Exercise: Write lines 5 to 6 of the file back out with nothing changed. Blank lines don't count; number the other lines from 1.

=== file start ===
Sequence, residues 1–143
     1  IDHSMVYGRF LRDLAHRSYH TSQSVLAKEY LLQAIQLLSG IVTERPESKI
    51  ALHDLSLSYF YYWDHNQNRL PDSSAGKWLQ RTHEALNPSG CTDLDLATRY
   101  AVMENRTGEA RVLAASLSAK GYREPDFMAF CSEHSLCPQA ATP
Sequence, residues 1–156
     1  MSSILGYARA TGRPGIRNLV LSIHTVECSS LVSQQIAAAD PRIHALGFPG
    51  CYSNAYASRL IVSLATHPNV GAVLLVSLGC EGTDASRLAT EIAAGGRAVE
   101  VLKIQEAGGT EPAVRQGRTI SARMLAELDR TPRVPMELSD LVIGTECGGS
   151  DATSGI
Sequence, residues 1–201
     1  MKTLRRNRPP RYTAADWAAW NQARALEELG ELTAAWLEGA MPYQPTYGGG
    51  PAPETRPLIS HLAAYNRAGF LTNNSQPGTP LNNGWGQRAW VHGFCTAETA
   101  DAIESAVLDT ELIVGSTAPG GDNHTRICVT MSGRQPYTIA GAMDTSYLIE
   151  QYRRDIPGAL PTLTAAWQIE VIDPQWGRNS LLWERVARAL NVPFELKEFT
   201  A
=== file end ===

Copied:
Sequence, residues 1–156
     1  MSSILGYARA TGRPGIRNLV LSIHTVECSS LVSQQIAAAD PRIHALGFPG